A good architecture is consistent in the sense that, given partial knowledge of the system, one can predict the remainder. – Fred Brooks, Design of Design, pg. 143
I’ve been voraciously reading Design of Design, a new book of essays from Fred Brooks, author of the software engineering classic, The Mythical Man Month. I’ve been enjoying it immensely and would recommend it to all who deal in software. Combine it with a glass of wine, a comfy rocking chair, and relaxing music and life is good.
But, the quote above got me thinking about fractals; a topic I was quite enthralled with in high school. Yes, fractals, bear with me.
When I read that sentence it felt like something I knew was being put into words so simple I could never have achieved. But, if you work in software you know that when looking at a well designed application or API, there are similarities that can be recognized immediately. You become familiar with one portion of the code and it gives you insight into how the whole application works. This is the essence of what becomes described as a beautiful or even elegant design.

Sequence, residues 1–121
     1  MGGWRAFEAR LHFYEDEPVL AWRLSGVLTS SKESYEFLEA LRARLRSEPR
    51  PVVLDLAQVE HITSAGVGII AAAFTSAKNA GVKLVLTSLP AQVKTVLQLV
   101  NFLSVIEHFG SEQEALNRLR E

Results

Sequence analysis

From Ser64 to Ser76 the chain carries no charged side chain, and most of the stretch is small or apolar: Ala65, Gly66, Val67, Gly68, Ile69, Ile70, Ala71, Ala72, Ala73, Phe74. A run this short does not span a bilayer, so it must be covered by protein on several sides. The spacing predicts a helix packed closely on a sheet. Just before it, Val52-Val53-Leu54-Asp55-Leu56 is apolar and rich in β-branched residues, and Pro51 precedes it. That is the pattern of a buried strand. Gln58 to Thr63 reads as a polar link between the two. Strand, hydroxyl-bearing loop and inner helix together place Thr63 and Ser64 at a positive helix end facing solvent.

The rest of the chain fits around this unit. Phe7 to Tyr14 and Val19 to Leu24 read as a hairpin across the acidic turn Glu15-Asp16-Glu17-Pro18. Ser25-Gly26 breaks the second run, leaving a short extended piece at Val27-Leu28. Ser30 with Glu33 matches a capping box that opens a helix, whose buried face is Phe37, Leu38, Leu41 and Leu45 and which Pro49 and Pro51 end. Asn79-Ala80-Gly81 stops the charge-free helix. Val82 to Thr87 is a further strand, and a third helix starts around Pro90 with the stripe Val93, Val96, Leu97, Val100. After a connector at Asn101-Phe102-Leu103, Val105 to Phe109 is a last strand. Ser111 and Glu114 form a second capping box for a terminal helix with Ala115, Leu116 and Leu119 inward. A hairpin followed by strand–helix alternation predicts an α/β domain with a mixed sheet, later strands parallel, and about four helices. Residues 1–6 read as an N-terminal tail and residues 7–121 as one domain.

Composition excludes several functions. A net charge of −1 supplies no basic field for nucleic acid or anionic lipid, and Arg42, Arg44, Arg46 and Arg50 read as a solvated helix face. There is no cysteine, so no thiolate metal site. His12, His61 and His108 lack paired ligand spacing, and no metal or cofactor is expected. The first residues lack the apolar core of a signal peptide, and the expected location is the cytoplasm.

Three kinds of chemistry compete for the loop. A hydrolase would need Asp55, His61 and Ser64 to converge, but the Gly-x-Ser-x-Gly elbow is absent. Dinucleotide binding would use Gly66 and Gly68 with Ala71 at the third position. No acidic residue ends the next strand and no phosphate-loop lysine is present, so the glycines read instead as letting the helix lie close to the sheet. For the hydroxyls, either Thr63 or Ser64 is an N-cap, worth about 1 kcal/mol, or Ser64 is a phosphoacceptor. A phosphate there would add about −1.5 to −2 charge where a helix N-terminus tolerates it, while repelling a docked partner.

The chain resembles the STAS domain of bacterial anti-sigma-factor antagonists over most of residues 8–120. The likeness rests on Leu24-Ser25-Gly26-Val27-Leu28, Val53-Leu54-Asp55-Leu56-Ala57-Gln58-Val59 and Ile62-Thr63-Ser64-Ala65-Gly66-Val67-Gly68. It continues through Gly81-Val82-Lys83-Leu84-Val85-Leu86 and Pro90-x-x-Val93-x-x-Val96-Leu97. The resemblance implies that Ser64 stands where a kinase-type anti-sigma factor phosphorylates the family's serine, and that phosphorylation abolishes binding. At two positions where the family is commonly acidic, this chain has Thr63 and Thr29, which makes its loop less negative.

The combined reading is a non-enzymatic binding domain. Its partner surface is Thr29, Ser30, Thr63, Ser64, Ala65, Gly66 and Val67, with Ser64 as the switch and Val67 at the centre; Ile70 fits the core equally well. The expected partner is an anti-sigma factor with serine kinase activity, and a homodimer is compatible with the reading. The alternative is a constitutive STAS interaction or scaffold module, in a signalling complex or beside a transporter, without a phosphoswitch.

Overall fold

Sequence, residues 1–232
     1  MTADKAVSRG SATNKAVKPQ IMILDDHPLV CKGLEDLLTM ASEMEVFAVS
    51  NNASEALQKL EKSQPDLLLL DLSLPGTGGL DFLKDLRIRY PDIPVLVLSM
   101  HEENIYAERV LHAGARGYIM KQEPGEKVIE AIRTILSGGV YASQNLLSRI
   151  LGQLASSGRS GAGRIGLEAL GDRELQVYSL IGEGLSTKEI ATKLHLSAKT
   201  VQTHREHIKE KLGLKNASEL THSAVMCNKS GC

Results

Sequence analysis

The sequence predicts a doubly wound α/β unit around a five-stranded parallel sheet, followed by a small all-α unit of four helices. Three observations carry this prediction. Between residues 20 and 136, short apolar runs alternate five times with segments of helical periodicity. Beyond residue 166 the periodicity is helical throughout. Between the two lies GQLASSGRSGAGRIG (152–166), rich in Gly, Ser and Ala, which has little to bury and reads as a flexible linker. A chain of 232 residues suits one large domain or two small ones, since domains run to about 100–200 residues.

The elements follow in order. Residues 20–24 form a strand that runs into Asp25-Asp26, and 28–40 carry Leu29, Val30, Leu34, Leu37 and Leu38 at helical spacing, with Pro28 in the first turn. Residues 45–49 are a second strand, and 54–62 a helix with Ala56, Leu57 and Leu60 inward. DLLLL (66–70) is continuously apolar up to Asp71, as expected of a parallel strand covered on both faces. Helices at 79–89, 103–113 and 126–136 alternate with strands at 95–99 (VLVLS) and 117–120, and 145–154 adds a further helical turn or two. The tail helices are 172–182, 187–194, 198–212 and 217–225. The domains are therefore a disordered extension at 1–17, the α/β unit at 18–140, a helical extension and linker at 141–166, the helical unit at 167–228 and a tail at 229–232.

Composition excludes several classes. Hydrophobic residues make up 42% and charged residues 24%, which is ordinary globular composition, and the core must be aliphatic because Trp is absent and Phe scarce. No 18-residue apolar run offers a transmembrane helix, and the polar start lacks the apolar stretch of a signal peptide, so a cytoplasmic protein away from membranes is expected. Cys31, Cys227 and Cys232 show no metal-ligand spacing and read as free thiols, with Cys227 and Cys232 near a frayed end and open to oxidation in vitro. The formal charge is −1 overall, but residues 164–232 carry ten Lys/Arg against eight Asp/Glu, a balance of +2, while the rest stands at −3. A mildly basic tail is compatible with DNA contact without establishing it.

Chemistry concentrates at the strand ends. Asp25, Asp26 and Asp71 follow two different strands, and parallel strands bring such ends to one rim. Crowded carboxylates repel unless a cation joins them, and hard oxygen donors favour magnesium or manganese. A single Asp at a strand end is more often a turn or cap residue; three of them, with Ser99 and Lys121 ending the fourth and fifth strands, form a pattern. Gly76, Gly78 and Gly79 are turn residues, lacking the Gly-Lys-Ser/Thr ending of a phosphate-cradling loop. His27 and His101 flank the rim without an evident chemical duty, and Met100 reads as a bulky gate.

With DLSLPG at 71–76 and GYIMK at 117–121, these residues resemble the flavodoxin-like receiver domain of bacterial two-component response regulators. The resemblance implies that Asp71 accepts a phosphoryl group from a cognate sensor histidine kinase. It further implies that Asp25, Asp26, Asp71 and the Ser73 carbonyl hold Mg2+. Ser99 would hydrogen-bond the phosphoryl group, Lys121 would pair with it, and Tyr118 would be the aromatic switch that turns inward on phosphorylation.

It is something I have strived for as I design systems. But this brings me to the fractal topic. One of the key characteristics of fractals is the concept of self-similarity and independence of scale. Basically that as you zoom in or out of a fractal object, it looks the same. The way this is measured is by defining the dimensionality of an object. I won’t go into lots if detail, but the basic idea is that you can have fractional dimensions. A straight line is 1 dimensional and a square is 2 dimensional. But what about the line representing the coastline of a country? It isn’t a straight line, but it isn’t a solid either. And ad you look closer and closer, from orbit all the way down to grains of sand, it basically has the same shape. This is the essence of self similarity Depending on the twists an turns and nooks and crannies, and, yes, the self similarity, it will have a fractional dimension somewhere between 1 and 2.
So how do I get from software to fractals? well it seems to me that if one could represent software, most likely APIs and functions and measure their dimensionality, one could use that as a measure of quality if design. The higher the self similarity of the API, the better a design it might be.
I haven’t looked if this has been thought of before. But who knows, maybe there is a PhD in this idea.
Update: Turns out I was right, it is a PhD level topic: A Fractal Software Complexity Metric Analyser